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At UN, Sudans Statement Gets "Balanced," Khartoum Drops Oil Fee to $32 and Drops Bombs, Juba Says

By Matthew Russell Lee

UNITED NATIONS, March 27 -- The UN Security Council issued a press statement late Tuesday on Sudan and South Sudan, after the silence procedure was broken and Deputy Permanent Representatives met to change the statement.

  While they negotiated, South Sudan's Director General of Multilateral Relations in the Ministry of Foreign Affairs Mayen Dut Wol told Inner City Press that Khartoum had started aerial bombing inside his country, and was demanding $32 dollar a barrel in oil transfer fees, down from $36 dollars but much higher than the less than a dollar a barrel South Sudan says is paid by Azerbaijan to Turkey, for example.

  He said that the SLPA had entered Jau and one of the five areas in dispute.

   Hours later when March's Security Council president Mark Lyall Grant of the UK read out the press statement, Inner City Press asked him why the UN Mission in South Sudan hasn't confirmed or denied the bombings.

  Lyall Grant said that UNMISS "does not have a mandate to monitor action at the border, they don’t have access into the border areas," and that's why the Council hopes the mandate of the UNISFA mission in Abyei -- made up entirely of Ethiopian troops -- can be expanded.

  Sometimes UNMISS' non-reporting, though, seems to have political roots. UNMISS has still not issued its estimate of how many people were killed in Pibor in Jonglei state at the beginning of the year, when the UN was slow to arrive due to not having their Russian helicopters flying. (Russia says they told the UN they wouldn't fly as early as November).

  UNMISS chief Hilde Johnson told Inner City Press ten days ago the UN's report on Pibor was going to be finished and made public very soon. But where is it?

  Sudan Permanent Representative Daffa-Alla Elhag Ali Osman put the number of dead in Jonglei at 6000, for the proposition that South Sudan has a lot of problems and shouldn't be attacking North Sudan. He denied any aerial bombing and said that the areas the SLPA entered were indisputably part of Sudan.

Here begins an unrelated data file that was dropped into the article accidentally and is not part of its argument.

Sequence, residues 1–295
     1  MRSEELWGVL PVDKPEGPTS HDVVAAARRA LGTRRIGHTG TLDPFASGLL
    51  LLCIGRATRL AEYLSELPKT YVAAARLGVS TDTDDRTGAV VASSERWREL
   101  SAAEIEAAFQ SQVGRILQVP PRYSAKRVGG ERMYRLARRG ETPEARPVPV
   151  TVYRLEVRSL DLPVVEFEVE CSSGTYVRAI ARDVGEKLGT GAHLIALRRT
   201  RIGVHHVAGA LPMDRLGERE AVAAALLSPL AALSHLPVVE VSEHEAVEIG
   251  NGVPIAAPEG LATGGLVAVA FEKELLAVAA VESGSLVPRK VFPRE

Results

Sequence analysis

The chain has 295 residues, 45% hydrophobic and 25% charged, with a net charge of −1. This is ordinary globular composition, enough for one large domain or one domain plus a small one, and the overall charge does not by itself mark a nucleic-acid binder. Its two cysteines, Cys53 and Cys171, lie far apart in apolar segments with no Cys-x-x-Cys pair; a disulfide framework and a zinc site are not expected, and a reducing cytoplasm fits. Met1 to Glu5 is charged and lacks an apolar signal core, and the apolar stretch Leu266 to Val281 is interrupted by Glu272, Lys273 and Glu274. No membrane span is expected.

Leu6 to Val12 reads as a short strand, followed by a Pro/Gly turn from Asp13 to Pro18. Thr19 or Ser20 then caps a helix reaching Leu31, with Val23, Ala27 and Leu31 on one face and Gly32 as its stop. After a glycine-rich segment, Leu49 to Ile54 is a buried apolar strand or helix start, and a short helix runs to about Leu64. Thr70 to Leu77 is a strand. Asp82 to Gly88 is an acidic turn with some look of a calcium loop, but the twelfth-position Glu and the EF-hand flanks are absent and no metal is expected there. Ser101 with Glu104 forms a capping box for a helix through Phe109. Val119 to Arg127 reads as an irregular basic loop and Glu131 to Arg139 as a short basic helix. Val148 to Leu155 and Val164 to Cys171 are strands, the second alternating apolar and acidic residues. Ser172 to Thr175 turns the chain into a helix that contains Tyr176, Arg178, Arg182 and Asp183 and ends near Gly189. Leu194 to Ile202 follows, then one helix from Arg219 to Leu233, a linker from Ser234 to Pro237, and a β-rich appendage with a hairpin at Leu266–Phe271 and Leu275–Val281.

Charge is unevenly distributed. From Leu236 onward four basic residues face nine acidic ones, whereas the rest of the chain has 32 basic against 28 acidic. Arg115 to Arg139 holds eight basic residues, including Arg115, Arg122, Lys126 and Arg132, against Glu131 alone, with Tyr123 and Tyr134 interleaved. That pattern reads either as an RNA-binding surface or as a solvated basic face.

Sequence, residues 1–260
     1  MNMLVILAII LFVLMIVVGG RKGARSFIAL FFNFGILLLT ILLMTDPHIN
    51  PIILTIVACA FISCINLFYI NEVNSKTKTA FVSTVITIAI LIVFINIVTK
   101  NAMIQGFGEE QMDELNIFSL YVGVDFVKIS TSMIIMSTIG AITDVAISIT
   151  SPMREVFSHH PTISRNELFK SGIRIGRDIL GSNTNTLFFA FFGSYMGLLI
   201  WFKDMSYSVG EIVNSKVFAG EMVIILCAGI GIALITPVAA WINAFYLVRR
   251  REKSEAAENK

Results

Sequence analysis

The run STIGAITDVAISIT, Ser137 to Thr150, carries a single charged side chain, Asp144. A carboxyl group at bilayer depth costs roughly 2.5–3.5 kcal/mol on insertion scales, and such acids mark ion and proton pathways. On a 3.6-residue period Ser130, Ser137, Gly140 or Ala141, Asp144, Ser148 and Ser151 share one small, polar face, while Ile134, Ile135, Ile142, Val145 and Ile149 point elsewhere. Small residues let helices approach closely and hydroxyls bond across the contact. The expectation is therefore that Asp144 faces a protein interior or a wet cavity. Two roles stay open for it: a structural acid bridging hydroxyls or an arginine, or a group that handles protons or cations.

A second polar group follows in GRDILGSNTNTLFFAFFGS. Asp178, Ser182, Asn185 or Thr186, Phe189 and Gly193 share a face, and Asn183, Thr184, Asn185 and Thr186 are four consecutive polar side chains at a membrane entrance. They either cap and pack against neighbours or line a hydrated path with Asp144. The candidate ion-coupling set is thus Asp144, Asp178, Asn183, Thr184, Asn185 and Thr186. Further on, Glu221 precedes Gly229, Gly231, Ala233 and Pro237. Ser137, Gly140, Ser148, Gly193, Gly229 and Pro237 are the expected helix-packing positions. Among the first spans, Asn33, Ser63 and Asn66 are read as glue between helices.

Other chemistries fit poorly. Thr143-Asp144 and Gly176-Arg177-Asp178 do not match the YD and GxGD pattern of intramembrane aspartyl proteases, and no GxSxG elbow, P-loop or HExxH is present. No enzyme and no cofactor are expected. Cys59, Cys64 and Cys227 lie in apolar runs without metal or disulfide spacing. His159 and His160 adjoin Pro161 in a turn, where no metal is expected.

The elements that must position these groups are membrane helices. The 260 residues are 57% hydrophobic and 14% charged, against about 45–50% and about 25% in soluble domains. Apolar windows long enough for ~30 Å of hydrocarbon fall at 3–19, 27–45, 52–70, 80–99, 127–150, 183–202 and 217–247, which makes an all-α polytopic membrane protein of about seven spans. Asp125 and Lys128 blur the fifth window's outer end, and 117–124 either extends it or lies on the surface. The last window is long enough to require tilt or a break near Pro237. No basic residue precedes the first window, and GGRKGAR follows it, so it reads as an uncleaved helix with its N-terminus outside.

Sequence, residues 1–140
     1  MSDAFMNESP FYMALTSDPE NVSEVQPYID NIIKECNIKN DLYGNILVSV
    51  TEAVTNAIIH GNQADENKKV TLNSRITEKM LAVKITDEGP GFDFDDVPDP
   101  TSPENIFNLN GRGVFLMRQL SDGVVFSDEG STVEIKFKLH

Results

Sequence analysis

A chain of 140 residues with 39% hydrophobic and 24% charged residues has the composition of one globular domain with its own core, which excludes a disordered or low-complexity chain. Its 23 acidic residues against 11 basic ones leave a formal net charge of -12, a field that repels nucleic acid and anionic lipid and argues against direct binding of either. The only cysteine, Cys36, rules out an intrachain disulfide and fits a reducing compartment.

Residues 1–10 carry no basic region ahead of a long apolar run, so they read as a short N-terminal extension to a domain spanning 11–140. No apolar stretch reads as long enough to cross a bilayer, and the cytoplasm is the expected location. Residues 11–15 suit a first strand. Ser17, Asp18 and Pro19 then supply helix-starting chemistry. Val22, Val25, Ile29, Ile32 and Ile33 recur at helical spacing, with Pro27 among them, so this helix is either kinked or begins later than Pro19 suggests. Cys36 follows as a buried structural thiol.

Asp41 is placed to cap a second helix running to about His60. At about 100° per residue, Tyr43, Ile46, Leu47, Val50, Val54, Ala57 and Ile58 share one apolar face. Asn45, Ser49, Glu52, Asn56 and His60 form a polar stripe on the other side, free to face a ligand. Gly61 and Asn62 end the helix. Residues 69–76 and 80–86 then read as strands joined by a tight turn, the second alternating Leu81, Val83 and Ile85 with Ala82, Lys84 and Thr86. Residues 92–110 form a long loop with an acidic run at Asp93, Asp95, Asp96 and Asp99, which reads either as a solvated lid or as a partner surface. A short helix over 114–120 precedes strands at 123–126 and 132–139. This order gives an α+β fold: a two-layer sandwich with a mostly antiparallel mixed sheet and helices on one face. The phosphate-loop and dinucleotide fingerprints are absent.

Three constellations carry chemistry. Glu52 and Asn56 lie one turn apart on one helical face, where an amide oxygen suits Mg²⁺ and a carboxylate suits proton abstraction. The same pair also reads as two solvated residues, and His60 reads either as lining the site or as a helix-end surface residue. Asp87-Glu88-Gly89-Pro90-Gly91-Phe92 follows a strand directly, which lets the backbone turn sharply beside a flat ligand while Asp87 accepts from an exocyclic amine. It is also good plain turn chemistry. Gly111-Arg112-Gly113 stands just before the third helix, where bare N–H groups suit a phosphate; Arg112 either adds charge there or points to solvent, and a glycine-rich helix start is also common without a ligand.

Inner City Press asked Daffa-Alla Elhag Ali Osman about a statement by Tijani el Sissi, a former UN staff member now an authority in Darfur, that Chad and Sudan could patrol their own borders and the UN Mission UNAMID could leave.

  Daffa-Alla Elhag Ali Osman said the the UN is thinking of moving away from UNAMID's military role and that the Chad-Sudan joint patrol idea is being emulated in West Africa.

Daffa-Alla Elhag Ali Osman said that such joint patrols had been proposed to South Sudan, which responded no or not yet.

  One wished that South Sudan was present to answer, whether by Mayen Dut Wol or otherwise, and wondered if one of Sudan's allies on the Council told them when to come to the stakeout and South Sudan's supporters had not done the same. The statement was, in UN parlance, balanced. But the stakeout was not.

  It becomes increasingly clear that the oil transfer fee issues should have been resolved prior to South Sudan's independence. The sides are far, far apart and now oil is not being pumped.

  Tuesday morning Mayen Dut Wol of South Sudan spoke about memoranda of understanding to route oil through Kenya and elsewhere, saying this might be two years off. This issue must be resolved. But will the previously scheduled April 3 presidential summit somehow take place? Watch this site.

From the UK Mission transcript:

Inner City Press: Does the Council believe that the UN Mission in South Sudan, UNMISS, has any role... There’s been all these reports back and forth where South Sudan says they were bombed, North Sudan says they didn’t do the bombing. What’s the role of the Peacekeeping mission... I understand that they don’t have a formal border monitoring role, but just to be able to verify or not that bombs are dropped.

Amb Lyall Grant: UNMISS in South Sudan does not have a mandate to monitor action at the border. They don’t have access into the border areas and so are unable, under normal circumstances, to verify actions. They have in the past been able to comment on aerial bombardments when they have seen that, but it isn’t part of their mandate to do that and report to the Council on that. That is why we’re keen that the mandate that UNISFA has, which is to monitor the border, and verify what is happening at the border, is established as soon as possible and starts its work.

Inner City Press: I'll ask Ambassador Daffa-Alla if he does a stakeout, but does the Security Council, it’s understanding that the Presidential Summit on April 3rd will take place or is now suspended as was said from Khartoum?

Amb Lyall Grant: We certainly hope that it will take place but, of course, it’s not for me to say whether both Presidents will turn up. Thank you very much.

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Click here for a Reuters AlertNet piece by this correspondent about Uganda's Lord's Resistance Army. Click here for an earlier Reuters AlertNet piece about the Somali National Reconciliation Congress, and the UN's $200,000 contribution from an undefined trust fund.  Video Analysis here

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